Volume 16, Issue 4 (Vol.16, No.4 2021)                   irje 2021, 16(4): 363-374 | Back to browse issues page

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Khammarnia M, Setoodehzadeh F, Barfar E, Rezaei K, Peyvand M. Evaluation of Direct Medical Costs in Hospitalized Diabetic Patients After Health Reform Plan. irje 2021; 16 (4) :363-374
URL: http://irje.tums.ac.ir/article-1-6872-en.html
1- Assistant Professor of Health Care Management, Health Promotion Research Center, Zahedan University of Medical Sciences, Zahedan, Iran
2- Assistant Professor of Health Policy, Health Promotion Research Center, Zahedan University of Medical Sciences, Zahedan, Iran
3- Assistant Professor of Health Economics, Health Promotion Research Center, Zahedan University of Medical Sciences, Zahedan, Iran
4- MSc of Epidemiology, Student Research Committee, Zahedan University of Medical Sciences, Zahedan, Iran
Abstract:   (12766 Views)
Background and Objectives: Diabetes is one of the most expensive chronic diseases and a global public health problem. One of the objectives of implementing the Health Reform Plan (HRP) was to reduce the out-of-pocket payments for hospitalized patients. The present study was carried out with the aim of determining the direct medical costs in hospitalized diabetic patients after implementation of the HRP.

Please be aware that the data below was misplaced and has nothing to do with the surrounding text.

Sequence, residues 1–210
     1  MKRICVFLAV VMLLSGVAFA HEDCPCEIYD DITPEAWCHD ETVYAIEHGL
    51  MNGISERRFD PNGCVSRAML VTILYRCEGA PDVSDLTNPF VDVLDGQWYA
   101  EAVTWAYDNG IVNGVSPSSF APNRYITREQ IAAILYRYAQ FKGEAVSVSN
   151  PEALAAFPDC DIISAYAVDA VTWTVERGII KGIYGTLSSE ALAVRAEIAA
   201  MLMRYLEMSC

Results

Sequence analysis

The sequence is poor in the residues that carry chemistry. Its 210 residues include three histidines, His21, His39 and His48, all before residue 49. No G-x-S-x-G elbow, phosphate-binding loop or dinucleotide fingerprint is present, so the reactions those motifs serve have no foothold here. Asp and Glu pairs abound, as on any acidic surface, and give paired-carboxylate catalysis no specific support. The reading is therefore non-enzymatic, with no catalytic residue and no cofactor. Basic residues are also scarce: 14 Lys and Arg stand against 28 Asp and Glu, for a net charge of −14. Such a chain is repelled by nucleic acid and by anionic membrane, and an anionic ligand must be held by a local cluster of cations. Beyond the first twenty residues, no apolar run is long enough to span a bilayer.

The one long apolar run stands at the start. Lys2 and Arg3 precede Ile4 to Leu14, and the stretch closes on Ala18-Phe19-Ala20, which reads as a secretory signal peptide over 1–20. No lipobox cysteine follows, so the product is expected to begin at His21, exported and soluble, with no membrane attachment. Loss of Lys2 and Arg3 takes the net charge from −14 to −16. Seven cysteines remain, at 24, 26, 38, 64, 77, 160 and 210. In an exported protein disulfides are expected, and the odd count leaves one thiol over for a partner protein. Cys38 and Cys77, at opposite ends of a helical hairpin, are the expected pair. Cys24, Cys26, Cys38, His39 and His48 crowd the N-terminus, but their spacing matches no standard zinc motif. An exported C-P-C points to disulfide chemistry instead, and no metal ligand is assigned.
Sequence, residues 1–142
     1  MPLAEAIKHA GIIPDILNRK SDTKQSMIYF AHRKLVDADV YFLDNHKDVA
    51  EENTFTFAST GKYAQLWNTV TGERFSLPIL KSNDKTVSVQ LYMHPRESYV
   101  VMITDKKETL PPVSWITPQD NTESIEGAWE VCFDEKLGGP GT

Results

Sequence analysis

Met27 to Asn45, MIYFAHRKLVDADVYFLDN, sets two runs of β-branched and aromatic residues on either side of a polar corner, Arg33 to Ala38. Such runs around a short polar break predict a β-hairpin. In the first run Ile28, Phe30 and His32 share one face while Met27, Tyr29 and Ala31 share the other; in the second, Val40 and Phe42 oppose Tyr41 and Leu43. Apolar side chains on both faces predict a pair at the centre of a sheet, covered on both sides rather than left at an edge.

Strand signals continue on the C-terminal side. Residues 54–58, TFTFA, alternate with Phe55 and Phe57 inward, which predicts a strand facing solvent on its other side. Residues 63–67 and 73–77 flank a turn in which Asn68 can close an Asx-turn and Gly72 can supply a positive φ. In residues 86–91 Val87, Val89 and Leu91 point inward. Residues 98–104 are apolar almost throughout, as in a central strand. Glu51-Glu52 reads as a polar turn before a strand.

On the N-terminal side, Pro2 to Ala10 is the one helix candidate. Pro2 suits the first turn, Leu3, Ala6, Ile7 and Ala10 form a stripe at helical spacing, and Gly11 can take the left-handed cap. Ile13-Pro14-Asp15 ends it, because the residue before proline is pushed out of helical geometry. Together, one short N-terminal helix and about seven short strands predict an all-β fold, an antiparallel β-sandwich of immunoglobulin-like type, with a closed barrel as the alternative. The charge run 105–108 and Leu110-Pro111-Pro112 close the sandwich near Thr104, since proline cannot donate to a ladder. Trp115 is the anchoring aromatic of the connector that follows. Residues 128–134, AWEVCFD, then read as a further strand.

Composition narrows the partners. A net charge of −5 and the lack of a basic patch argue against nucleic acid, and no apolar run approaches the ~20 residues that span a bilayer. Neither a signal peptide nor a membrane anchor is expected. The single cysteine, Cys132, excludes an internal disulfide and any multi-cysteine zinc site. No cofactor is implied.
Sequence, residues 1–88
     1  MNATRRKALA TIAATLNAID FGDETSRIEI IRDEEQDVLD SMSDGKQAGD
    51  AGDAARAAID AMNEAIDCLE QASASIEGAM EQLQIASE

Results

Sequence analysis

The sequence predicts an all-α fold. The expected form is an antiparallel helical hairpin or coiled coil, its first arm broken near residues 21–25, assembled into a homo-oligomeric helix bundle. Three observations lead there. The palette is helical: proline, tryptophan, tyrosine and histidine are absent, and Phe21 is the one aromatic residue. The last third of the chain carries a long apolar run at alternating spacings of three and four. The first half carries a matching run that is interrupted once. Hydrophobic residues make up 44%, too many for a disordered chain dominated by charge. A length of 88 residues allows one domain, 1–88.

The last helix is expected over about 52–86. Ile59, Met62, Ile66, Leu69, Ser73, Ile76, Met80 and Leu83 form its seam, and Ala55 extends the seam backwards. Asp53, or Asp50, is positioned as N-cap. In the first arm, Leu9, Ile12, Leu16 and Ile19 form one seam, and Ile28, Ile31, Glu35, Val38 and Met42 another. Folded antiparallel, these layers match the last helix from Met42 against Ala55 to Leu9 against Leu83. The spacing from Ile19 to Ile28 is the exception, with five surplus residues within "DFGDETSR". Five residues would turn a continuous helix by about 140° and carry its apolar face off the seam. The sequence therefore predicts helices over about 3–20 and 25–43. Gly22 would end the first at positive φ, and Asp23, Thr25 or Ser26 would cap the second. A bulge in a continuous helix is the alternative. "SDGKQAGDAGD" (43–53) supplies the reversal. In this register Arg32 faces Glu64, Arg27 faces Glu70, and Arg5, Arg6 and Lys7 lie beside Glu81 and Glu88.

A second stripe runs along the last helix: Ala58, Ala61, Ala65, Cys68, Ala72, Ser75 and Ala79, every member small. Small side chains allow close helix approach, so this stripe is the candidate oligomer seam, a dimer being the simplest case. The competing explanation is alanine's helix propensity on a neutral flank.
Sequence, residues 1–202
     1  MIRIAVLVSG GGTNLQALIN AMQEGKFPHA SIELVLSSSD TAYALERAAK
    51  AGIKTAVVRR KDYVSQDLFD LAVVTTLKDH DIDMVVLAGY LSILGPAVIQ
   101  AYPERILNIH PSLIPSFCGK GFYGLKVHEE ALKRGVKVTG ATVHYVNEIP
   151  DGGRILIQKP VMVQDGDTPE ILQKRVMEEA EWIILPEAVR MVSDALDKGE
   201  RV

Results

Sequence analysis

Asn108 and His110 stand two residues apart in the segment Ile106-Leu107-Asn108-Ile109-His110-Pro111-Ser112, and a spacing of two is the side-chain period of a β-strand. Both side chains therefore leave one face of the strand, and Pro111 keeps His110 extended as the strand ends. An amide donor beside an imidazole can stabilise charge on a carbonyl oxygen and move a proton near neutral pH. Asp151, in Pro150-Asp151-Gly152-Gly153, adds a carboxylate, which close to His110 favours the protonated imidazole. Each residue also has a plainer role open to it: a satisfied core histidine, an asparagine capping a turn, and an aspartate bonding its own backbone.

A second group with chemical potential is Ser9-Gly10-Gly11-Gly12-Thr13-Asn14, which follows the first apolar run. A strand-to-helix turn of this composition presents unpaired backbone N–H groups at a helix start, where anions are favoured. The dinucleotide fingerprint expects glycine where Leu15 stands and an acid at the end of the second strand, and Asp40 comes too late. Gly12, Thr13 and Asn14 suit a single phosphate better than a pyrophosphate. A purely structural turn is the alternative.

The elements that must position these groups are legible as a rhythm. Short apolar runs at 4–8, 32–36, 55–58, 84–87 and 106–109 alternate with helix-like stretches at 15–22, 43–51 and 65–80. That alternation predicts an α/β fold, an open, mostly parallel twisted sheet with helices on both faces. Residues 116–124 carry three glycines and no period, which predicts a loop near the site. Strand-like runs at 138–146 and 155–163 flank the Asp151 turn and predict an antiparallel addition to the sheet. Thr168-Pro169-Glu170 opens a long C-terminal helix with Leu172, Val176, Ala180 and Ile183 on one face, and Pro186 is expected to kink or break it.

Methods: This cross-sectional descriptive-analytical study was conducted in 2019. The records of diabetic patients hospitalized in Imam-Ali Hospital of Zahedan from March 2017 to June 2018 was reviewed by the census method and the direct medical costs were recorded in a researcher-made checklist. Data were analyzed using the SPSS version 22
Results: In this study, the direct medical costs of 704 hospitalized diabetic patients were evaluated. The majority of the study population was female (517, 73/5%) and 237 had gestational diabetes. The mean direct medical cost per hospitalized diabetic patient was 29,264,465 Rials and the mean out-of-pocket payment was 11.8%. Moreover, direct medical costs of diabetic patients increased with age (P<.001).
Conclusion: Diabetic hospital care imposes a high burden on basic health insurance. Despite the HRP, out-of-pocket payments for hospitalized diabetics are still significant. Government subsidies should focus on expanding access to care for diabetics, financial protection for disadvantaged residents and expanding public education on diabetes.
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Type of Study: Research | Subject: Epidemiology
Received: 2021/05/21 | Accepted: 2021/03/5 | Published: 2021/03/5

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